Mass. School Hasn't Been Able To Turn Off Lights For Over A Year

By Jason Hall

January 19, 2023

Science Classroom
Photo: Getty Images

A Massachusetts high school has had its lights stuck on for more than a year.

Software for the lighting system installed at Minnechaug Regional High School failed on August 24, 2021 and no one has been able to turn off the estimated 7,000 lights inside the building since, NBC News reports.

The system was installed more than a decade ago and intended to save money and energy, but has now cost taxpayers "a significant amount of money," according to Aaron Osborne, the assistant superintendent of finance at the Hampden-Wilbraham Regional School District.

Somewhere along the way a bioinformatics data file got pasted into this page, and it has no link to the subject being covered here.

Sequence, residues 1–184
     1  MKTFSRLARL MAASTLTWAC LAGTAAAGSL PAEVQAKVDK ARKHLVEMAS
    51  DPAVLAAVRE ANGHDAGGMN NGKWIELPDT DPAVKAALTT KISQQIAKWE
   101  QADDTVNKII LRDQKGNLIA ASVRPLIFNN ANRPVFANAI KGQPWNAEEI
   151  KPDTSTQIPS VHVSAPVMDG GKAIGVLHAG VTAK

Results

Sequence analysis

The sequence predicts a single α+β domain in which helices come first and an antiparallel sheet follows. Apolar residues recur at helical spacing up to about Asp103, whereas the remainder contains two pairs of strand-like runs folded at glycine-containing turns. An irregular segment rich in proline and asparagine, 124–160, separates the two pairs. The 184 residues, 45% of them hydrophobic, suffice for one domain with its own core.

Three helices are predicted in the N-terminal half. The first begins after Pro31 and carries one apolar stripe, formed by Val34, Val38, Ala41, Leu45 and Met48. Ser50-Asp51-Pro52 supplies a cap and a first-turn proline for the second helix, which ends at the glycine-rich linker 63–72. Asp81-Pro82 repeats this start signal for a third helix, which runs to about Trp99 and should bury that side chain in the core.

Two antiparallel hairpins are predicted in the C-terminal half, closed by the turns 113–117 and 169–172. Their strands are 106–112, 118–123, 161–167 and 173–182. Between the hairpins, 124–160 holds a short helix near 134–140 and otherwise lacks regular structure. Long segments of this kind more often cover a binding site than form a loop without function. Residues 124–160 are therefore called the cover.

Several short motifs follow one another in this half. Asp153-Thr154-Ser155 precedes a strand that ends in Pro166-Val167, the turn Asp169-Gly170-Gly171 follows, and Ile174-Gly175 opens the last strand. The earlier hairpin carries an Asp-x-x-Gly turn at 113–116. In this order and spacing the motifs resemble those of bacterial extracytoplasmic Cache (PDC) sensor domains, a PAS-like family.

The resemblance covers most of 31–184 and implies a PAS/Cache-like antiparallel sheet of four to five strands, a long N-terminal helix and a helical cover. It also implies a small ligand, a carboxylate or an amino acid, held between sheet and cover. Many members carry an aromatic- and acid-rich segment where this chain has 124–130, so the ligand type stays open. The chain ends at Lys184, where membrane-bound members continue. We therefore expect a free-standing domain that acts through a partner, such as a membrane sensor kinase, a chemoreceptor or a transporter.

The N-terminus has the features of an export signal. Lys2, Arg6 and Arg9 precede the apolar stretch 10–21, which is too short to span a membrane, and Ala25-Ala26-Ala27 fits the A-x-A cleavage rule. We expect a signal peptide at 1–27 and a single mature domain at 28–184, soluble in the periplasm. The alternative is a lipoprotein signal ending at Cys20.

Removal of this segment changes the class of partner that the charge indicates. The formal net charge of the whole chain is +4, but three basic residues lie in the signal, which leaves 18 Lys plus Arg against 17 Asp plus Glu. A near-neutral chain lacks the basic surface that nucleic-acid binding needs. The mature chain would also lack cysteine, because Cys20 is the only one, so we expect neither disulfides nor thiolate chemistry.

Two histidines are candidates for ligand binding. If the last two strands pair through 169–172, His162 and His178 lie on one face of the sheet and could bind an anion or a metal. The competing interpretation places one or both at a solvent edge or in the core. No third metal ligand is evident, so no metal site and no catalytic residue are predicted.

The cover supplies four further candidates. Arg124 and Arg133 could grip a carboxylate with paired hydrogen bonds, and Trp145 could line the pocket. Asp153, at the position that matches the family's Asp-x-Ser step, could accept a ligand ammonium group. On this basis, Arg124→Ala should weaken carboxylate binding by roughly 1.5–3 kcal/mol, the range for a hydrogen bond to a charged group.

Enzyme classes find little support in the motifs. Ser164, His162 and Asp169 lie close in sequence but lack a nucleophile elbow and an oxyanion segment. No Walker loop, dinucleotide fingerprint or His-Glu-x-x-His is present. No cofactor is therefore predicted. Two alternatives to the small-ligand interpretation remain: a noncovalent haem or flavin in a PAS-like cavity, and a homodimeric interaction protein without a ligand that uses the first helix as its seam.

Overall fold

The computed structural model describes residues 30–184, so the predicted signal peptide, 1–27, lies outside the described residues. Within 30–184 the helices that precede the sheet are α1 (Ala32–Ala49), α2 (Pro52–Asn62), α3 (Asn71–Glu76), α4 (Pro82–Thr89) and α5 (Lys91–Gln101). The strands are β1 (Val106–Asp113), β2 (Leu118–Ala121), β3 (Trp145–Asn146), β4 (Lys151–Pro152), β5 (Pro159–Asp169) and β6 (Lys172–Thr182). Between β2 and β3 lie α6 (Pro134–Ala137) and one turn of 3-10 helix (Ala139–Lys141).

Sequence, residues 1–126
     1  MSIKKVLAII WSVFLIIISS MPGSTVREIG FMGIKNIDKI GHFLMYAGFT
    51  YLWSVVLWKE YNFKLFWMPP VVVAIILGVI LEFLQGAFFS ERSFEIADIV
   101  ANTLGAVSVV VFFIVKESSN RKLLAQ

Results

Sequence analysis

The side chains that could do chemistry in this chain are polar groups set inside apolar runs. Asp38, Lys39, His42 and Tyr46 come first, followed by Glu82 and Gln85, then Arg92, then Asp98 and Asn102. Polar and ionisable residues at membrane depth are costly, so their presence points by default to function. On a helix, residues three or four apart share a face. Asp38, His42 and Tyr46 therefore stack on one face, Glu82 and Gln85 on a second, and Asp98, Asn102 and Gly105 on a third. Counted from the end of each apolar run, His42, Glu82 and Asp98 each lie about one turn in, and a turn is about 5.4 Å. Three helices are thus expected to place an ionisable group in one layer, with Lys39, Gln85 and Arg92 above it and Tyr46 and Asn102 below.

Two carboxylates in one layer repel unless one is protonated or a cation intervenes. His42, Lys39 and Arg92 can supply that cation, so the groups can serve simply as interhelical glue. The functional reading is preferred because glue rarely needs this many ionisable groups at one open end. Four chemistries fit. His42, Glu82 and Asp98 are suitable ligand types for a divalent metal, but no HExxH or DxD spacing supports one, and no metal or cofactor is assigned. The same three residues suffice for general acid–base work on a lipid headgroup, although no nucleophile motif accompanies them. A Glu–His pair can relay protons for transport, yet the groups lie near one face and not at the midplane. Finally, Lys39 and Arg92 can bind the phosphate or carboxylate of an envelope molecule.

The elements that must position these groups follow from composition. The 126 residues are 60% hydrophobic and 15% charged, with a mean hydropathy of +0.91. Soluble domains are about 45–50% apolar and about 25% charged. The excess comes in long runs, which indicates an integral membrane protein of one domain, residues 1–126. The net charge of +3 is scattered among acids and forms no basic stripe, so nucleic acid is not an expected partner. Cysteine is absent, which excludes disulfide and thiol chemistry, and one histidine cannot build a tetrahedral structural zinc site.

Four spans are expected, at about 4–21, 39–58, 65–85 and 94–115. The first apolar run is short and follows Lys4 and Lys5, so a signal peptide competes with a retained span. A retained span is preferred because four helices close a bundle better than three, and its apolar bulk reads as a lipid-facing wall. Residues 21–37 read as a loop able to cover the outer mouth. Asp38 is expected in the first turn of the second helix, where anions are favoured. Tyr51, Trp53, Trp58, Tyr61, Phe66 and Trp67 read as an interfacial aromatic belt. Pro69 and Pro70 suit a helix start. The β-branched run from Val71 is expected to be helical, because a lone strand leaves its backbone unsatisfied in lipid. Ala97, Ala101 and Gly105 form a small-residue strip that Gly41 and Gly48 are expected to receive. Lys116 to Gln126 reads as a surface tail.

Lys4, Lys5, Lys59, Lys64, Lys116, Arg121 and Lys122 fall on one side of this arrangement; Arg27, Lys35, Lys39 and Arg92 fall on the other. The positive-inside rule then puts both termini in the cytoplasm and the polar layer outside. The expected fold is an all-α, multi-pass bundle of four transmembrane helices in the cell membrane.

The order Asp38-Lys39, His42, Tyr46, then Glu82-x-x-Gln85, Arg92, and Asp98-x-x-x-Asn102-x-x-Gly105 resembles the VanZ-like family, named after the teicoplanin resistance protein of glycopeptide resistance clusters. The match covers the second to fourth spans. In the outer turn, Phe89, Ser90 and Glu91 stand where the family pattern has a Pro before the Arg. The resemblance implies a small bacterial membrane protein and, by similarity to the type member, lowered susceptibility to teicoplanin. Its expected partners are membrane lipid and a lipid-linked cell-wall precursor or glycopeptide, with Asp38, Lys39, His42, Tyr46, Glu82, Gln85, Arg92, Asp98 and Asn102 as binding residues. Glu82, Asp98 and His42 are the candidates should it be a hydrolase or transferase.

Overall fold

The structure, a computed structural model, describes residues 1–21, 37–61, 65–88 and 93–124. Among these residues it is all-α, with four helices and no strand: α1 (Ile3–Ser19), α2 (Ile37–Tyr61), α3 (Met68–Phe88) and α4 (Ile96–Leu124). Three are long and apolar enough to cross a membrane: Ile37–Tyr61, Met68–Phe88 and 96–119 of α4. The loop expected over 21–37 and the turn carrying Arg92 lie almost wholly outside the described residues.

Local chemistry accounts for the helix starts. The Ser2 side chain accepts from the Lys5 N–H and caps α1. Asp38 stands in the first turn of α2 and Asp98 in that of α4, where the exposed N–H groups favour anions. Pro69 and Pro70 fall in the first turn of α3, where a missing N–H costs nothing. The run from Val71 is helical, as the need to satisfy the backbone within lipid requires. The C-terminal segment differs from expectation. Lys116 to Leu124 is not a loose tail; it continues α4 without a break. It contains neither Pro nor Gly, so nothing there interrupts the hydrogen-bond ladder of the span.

“I would say the net impact is in the thousands of dollars per month on average, but not in the tens of thousands,” Osborne said told NBC News, claiming that the district was "doing everything we can to get this problem solved."

The rising costs is largely due to the school using highly efficient fluorescent and LED bulbs. At times, teachers have manually removed some of the bulbs from fixtures in classrooms after staffers shut off breakers that aren't connected to the main system.

But the school's issue has led to a crucial waste in taxpayer money, as noted by Wilbraham's town selectmen in a letter to members of the school district on August 8, 2022.

“The image it projects is one of profligacy in a time when many families in the communities the District serves are struggling with their own energy costs,” they wrote.

There is, however, some good news.

Paul Mustone, president of the Reflex Lighting Group, said the school has finally received parts needed to replace the outdated system sent from a factory in China and the issue is expected to be solved during February break.

“And yes, there will be a remote override switch so this won’t happen again,” Mustone said via NBC News.

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